A thin red flame cut the air and a shot rang sharp. Someone screamed and a string of Spanish curses blended into the hubbub of turmoil.

"De hosses, queek, m's'u!"

The cool air of the street fanned the Texan's face as he leaped across the sidewalk, and vaulted into the saddle. The next moment the big black was pounding the roadway neck and neck with another, smaller horse upon which the half-breed swayed in the saddle with the ease and grace of the loose-rein rider born.

It was broad daylight when the cowpuncher opened his eyes in an arroyo deep among the hills far, far from Las Vegas. He rubbed his forehead tenderly, and crawling to a spring a few feet distant, buried his face in the tiny pool and drank deeply of the refreshing liquid. Very deliberately he dried his face on a blue handkerchief, and fumbled in his pockets for papers and tobacco. As he blew the grey smoke from his nostrils he watched the half-breed who sat nearby industriously splicing a pair of broken bridle reins.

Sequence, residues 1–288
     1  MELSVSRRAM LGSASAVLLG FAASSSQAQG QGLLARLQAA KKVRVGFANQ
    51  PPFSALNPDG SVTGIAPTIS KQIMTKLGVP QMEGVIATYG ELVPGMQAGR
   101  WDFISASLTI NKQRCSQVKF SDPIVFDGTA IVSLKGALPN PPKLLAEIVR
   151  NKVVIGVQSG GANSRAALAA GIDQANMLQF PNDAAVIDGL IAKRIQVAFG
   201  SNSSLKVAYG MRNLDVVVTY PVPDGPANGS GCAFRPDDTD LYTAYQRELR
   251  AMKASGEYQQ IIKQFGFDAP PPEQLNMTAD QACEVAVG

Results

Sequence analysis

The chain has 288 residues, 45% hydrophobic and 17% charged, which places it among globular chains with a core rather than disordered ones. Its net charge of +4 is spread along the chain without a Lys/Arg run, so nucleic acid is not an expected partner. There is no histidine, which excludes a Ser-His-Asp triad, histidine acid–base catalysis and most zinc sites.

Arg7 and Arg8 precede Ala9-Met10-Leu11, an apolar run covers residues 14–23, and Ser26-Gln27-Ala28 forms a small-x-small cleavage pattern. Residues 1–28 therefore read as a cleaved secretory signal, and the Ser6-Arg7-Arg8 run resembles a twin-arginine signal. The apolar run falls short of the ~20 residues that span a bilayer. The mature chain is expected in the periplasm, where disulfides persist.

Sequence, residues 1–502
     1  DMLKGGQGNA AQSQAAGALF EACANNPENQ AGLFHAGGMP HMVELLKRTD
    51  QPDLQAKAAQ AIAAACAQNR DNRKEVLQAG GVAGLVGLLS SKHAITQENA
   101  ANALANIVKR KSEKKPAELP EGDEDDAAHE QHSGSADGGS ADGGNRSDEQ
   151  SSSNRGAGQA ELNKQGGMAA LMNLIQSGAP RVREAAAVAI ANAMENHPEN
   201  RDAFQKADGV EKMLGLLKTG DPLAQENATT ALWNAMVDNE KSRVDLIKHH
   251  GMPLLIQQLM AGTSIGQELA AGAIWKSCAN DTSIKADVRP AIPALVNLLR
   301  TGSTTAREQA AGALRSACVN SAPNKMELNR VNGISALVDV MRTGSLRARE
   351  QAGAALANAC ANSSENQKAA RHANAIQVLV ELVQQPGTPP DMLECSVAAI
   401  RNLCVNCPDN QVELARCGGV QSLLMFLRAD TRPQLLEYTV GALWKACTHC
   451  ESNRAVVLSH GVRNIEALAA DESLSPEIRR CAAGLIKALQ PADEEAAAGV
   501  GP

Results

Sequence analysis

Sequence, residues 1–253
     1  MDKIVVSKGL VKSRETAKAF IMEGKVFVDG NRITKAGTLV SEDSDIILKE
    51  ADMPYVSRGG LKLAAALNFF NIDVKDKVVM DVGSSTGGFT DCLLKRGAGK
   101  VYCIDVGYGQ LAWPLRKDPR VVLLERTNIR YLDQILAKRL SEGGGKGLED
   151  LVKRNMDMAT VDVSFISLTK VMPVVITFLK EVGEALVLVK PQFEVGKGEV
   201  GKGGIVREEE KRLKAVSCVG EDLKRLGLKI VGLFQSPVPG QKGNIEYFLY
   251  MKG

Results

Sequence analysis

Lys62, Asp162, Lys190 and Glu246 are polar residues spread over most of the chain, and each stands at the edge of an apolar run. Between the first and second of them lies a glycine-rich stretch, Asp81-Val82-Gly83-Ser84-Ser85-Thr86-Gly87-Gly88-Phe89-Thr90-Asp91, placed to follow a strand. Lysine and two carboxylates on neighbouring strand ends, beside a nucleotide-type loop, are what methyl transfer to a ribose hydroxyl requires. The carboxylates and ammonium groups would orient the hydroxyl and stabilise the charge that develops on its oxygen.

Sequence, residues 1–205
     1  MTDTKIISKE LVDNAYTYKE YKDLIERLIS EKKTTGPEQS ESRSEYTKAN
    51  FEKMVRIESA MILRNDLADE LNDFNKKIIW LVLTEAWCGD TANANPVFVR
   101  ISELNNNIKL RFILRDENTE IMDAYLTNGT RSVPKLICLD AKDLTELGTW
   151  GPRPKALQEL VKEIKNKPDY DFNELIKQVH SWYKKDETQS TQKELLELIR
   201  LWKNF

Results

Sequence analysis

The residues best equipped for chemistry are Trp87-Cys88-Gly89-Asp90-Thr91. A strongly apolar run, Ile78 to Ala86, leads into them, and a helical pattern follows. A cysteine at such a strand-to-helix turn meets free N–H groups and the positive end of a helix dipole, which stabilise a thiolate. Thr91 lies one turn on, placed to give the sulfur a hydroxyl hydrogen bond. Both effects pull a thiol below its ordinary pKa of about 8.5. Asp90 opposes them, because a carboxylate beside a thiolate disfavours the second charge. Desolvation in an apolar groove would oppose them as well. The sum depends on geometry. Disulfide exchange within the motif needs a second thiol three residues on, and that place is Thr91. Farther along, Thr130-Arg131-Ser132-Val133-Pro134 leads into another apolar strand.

"Did you get that ticket, Bat?" he asked, with a hand pressed tightly against his aching forehead.

The other grinned. "Me, A'm no wan' no ticket. A'm lak A'm stay wit' you, an' mebbe-so we git de job togedder."

The cowpuncher smoked for a time in silence.

"What was the rookus last night?" he asked, indifferently. Then, suddenly, his eye fell upon the sorrel that snipped grass at the end of a lariat rope near the picketed black, and he leaped to his feet. "Where'd you get that horse?" he exclaimed sharply. "It's Fatty's! There's the reins he busted when he snorted loose!"